“The difference was that I had finally taken my own advice to heart: Don’t Skimp on Food! I carried 1.75 – 2 pounds of food per day on trail and I ate food like it was my job during the brief times I was in town. I also embraced a technique that professional backpacker Andrew Skurka calls the “caloric drip.” Instead of eating 3 meals spaced over many hours on a given day of hiking, I ate smaller portions every hour to hour and a half throughout the entire day. This not only kept my energy levels up, but also allowed me to hike 12-15 hours per day without bottoming out. I had always wondered how some hikers could routinely do 30 miles per day. The big secret . . . they ate a lot of food and ate it at frequent intervals. And all this time I thought they had been blessed with great genetics or were just super athletes. Turns out it’s all about food intake. Who would have known? ” (Lawton “Disco” Grinter – Trail Food).
This article was a fantastic article to read.
Then I looked for a recipe for the PB Monster Cookies:
- 1/2 cup (1 stick or 115g) salted butter, softened to room temperature*
- 1/2 cup (100g) packed light brown sugar
- 1/4 cup (50g) sugar
- 3/4 cup (185g) creamy peanut butter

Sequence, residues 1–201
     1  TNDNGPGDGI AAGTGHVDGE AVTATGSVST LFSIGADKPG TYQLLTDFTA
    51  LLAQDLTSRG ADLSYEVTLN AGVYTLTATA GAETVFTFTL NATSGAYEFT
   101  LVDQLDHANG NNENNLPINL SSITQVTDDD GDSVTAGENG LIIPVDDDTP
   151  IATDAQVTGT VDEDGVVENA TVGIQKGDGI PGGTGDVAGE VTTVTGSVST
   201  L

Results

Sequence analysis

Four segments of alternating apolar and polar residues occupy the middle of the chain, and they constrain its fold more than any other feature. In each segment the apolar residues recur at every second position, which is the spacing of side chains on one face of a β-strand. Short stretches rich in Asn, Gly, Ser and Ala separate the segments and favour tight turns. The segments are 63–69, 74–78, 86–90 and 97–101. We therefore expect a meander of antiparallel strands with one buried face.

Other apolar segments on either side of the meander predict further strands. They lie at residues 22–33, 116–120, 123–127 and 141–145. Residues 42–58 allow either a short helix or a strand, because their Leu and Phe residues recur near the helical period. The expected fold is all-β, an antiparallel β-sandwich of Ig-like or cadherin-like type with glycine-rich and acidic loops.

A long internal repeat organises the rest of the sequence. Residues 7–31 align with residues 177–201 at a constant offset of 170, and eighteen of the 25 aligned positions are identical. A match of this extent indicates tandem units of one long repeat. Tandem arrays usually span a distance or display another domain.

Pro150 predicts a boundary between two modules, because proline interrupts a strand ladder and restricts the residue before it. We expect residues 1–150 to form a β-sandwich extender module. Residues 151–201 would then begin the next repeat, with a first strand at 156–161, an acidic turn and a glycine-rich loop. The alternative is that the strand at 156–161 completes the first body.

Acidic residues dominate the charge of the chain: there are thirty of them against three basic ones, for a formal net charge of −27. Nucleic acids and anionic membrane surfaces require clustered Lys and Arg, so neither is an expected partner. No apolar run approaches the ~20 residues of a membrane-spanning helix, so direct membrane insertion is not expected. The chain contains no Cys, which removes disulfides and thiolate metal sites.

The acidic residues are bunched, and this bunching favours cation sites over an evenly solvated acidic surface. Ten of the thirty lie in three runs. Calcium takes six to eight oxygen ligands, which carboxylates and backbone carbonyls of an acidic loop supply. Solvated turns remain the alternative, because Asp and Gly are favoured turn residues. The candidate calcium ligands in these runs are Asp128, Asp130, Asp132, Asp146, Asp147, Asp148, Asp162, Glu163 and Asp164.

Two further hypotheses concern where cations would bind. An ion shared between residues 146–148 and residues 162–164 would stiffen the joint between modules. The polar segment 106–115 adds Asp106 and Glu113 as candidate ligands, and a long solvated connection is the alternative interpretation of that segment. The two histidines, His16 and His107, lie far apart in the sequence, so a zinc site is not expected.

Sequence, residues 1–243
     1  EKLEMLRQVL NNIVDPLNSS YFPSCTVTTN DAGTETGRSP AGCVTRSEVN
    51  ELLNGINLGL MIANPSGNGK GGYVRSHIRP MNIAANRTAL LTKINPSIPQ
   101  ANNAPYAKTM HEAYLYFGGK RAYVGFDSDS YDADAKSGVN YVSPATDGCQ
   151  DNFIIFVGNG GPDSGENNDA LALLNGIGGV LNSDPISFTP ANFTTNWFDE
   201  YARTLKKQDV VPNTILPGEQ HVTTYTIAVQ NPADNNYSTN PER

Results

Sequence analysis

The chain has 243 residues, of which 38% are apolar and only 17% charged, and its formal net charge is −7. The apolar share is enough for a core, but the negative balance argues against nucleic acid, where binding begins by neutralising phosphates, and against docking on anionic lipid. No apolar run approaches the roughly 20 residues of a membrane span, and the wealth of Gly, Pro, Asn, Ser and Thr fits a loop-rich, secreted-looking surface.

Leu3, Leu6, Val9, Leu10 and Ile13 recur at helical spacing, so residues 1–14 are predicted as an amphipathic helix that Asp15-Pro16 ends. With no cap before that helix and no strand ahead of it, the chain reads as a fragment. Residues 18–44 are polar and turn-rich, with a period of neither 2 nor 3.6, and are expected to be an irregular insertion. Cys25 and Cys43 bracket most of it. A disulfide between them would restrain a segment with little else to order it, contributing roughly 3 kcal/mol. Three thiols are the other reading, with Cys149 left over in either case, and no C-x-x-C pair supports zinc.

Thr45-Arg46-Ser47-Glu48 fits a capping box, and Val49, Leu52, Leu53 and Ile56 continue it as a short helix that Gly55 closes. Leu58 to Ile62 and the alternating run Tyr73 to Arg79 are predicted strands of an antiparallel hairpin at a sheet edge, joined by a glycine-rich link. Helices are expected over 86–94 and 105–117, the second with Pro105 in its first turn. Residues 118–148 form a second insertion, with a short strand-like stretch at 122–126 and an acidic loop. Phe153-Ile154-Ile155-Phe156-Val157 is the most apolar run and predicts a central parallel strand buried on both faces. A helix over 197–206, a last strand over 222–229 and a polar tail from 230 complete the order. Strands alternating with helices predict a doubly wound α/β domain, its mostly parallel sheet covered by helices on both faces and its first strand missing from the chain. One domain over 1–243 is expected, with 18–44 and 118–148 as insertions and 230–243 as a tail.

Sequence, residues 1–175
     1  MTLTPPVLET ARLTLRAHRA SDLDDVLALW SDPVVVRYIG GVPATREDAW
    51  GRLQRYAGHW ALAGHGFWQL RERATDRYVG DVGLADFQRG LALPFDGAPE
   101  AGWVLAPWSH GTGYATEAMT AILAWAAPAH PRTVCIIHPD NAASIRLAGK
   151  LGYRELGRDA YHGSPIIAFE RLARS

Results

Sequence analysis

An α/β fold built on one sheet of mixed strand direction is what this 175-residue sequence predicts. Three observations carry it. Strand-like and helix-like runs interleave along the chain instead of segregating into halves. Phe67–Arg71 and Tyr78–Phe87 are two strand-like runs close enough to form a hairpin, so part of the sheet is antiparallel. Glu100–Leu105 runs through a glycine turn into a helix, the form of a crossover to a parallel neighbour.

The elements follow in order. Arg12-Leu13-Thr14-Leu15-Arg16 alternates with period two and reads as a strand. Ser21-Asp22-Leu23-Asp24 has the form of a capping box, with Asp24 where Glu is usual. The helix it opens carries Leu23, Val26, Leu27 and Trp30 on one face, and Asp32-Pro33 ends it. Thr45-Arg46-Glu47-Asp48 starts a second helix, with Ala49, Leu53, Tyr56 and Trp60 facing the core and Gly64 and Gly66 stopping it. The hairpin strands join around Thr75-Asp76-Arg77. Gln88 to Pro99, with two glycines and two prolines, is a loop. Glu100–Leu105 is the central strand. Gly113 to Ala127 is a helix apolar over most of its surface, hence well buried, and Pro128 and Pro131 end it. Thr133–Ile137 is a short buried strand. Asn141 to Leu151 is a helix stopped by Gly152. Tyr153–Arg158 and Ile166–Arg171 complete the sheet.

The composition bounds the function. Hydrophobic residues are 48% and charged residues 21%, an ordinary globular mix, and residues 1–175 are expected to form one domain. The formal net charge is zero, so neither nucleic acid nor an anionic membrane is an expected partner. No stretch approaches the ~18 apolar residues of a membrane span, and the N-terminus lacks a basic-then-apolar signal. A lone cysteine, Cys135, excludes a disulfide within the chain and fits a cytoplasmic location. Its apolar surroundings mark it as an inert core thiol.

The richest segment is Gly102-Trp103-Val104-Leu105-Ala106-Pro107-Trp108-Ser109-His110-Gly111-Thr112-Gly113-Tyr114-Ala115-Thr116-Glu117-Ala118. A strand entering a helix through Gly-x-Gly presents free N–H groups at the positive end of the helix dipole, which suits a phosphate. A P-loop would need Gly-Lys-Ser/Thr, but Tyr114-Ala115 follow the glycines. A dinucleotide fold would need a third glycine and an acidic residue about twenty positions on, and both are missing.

- 1 large egg
- 1 teaspoon vanilla extract
- 1/2 teaspoon baking soda
- 1 and 1/4 cups (160g) all purpose flour (measured the correct way)
- 1/2 cup (40g) quick oats*
- 3/4 cup (150g) M&Ms (any size or variety)
- 1/2 cup (90g) semi-sweet chocolate chips
Preheat oven to 350F degrees. Line baking sheet with parchment paper or silicone baking mat.
In a large bowl, using a hand-held mixer or stand mixer with paddle attachment, cream the butter and sugars together on medium speed, about 3 minutes. Mix in the peanut butter, egg, and vanilla (in that order). Scrape down the sides of the bowl as needed. Slowly mix in the baking soda and flour. Do not overmix. Fold in the quick oats, M&Ms, and chocolate chips. If the dough is very soft and unmanageable by hand, chill the dough for 30 minutes before rolling.
Rolls balls of dough, about 2 Tablespoons of dough per ball, onto prepared baking sheet. Press a few extra M&Ms on top for looks, if preferred. Bake for 9-10 minutes – do not bake past 10 minutes. The cookies will appear undone. I too mine out at 9 minutes, which is recommended. Slightly press down the baked cookies with the back of a spoon, since the cookies only slightly spread in the oven. Allow cookies to cool on baking sheet for 10 minutes before transferring to a wire rack. Cookies will firm up as they cool. Store cookies covered at room temperature for up to 1 week. Cookies freeze well.
*You may use unsalted butter in this recipe. If so, add 1/4 tsp salt with the flour.
*Please use quick oats in this recipe. You need the slightly finer texture from the quick oats in order to give the cookies a more uniform texture. Quick oats will act more as a binder in this recipe than whole oats would, since the consistency is more powdery and the oats are smaller in size.
Until next time
All images from Google Images